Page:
Mixed-use library proposal delayed 1 year
City needs more time to pursue tax credits
By Scott Bellile
The city of New London will delay a key step in securing funding to construct a proposed mixed-use public library, bumping back the project’s timeline one year.
City officials agreed to postpone submitting an application for senior affordable housing tax credits, which would help fund the residential component of the downtown project, until December 2019.
“There were too many things heading down at one time to try to make the December  deadline for the tax credit application, and everybody kind of sat back and said, ‘I think it’s all in our best interest to wait another year,’” City Administrator Kent Hager told the New London Economic Development Committee on Nov. 27.
“We’ve been working on this for a period of time now and I think it’s best that we slow down and [do it correctly],” Hager said.
This year’s deadline is Dec. 14.
Typically in the application process, the Wisconsin Housing and Economic Development Authority awards tax credits the following April to about 25 percent of applicants.
Under the new timeline, the city would learn in April 2020 whether WHEDA awards New London the tax credits, which are critical to the mixed-use development project happening.
Construction could begin in 2020, developer Randy Stadtmueller, who is overseeing this project, predicted in a memo.
The tax credits would help pay for the construction of 36 senior housing units above the library and six three-bedroom family townhouses nearby, according to a memo from Hager.
As part of the tax credits application, WHEDA requires applicants to submit a market study that indicates their proposed project would be viable in their community.
The city has not conducted a market study and could not complete one in time to meet WHEDA’s Dec. 14 timeline, Hager said.
Another step that has yet to be initiated is the city establishing a tax incremental financing district for the project.
A TIF district is a financing option in which a municipality reallocates property tax revenues from within a defined geographical boundary toward a development project for up to 27 years. If created, the TIF would generate an estimated $7 million in tax revenue in its 27-year life.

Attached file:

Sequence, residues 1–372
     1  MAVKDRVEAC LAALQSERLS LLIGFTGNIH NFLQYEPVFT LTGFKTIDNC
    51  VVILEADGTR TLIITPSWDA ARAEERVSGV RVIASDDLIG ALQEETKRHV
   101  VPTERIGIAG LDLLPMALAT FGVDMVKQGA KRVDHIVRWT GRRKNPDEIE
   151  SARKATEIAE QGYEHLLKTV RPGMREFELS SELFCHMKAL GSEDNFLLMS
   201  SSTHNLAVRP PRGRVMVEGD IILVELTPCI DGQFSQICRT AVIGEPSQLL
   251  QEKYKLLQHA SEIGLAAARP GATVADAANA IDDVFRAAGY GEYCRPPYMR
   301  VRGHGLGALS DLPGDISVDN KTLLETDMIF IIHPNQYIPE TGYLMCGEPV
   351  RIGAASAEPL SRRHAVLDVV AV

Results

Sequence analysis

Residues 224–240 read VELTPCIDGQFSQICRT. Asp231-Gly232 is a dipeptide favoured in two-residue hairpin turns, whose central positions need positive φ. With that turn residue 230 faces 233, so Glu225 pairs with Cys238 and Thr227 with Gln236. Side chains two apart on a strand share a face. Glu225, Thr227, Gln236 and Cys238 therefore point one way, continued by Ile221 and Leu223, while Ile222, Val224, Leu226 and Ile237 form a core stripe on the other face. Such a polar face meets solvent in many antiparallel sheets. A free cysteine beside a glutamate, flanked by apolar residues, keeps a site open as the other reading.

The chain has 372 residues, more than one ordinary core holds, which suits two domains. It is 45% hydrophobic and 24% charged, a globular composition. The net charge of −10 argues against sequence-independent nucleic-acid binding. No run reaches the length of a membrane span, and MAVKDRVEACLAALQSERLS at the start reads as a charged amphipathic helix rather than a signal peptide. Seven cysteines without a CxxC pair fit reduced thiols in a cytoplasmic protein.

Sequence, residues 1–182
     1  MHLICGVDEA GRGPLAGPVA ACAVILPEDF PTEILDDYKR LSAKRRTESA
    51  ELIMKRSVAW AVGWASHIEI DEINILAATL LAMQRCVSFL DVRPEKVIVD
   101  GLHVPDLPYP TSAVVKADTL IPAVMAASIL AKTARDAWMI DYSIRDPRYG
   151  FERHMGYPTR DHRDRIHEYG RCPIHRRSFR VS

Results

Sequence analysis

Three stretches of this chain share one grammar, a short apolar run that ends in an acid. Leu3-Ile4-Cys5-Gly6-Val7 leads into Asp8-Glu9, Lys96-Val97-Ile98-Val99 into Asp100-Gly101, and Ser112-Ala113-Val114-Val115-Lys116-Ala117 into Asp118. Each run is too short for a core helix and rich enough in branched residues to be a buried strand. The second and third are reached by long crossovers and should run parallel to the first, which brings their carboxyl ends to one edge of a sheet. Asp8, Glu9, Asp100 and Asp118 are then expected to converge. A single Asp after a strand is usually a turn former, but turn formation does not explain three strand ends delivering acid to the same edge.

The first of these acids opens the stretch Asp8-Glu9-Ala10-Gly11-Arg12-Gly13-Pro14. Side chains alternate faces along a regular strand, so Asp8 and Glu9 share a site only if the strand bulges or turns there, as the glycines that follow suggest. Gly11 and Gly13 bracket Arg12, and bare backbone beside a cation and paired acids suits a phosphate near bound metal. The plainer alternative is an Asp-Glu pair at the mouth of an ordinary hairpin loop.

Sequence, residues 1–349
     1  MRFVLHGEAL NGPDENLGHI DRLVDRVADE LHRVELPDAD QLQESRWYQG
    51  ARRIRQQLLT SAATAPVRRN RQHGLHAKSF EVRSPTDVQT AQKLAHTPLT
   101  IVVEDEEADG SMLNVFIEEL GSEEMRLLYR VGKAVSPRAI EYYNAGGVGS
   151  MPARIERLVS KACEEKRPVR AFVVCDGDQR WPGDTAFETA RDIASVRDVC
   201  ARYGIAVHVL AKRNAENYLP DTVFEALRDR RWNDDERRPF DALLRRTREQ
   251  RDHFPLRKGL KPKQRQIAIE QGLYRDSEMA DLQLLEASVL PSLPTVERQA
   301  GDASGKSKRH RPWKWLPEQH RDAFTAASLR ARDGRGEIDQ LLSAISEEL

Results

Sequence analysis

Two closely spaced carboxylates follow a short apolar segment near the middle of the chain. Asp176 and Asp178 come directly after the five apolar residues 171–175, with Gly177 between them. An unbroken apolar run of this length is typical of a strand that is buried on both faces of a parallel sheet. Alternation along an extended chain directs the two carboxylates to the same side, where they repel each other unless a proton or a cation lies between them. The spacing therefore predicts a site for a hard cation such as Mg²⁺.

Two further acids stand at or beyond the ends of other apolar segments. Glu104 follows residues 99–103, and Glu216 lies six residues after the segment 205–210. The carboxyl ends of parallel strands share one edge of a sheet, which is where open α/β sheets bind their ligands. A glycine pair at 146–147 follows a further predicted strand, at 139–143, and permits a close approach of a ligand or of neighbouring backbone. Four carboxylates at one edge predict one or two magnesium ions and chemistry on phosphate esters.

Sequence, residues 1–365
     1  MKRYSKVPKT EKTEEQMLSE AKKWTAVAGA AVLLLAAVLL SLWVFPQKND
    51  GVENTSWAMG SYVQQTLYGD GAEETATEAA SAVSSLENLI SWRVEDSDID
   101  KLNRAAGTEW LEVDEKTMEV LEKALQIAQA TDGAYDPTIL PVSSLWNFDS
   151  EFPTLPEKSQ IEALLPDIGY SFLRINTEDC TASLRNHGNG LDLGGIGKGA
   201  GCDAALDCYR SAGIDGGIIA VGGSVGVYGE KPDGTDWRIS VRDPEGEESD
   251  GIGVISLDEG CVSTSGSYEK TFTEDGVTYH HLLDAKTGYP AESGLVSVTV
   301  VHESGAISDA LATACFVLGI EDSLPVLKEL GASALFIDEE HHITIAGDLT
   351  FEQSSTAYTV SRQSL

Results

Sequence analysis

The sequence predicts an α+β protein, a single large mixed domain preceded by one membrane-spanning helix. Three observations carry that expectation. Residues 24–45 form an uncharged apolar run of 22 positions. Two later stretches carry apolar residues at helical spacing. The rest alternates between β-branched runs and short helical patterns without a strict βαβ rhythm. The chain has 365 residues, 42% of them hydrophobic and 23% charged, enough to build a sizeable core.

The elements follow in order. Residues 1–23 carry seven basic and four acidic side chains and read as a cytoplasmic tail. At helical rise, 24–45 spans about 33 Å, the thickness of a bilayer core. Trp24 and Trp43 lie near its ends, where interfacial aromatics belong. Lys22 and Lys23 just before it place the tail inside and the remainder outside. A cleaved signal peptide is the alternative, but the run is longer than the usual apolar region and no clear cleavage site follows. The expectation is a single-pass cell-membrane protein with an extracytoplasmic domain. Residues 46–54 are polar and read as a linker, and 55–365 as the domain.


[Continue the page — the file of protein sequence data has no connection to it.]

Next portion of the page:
The city has not formed a joint review board. This committee, comprised of representatives from four local taxing jurisdictions, would vote on whether to create a TIF district.
Establishing the TIF district would not take long, Mayor Gary Henke said.
In October, the New London City Council voted to try to secure financing for the mixed-use development project, which would be built on the former Wolf River Lumber property on Wolf River Avenue and possibly extend as far as the 200 block of South Pearl Street.
The preliminary scope of the project also includes 32 residential townhouses and two six-unit condominium buildings, all of which would be market-rate housing.
A 12,000-square foot commercial building is also proposed.
The city council has not voted to construct the mixed-use development. Whether the project ultimately happens depends on several successful outcomes, including the senior affordable housing tax credits, a favorable market study and New London Public Library’s fundraiser.
The library plans to work on raising $2.5 million in private donations toward the estimated $4 million mixed-use library project over the next year.
New London Public Library and Museum Board members have said that if the library is built, the library will vacate its current building at 406 S. Pearl St. and the public museum will take over the rest of the building.
New London Economic Development Committee Chairman David Morack said Stadtmueller will discuss the delay further at the committee’s next meeting, which is set for Jan. 29 at 4:30 p.m. at the New London Municipal Building. The meeting is open to the public.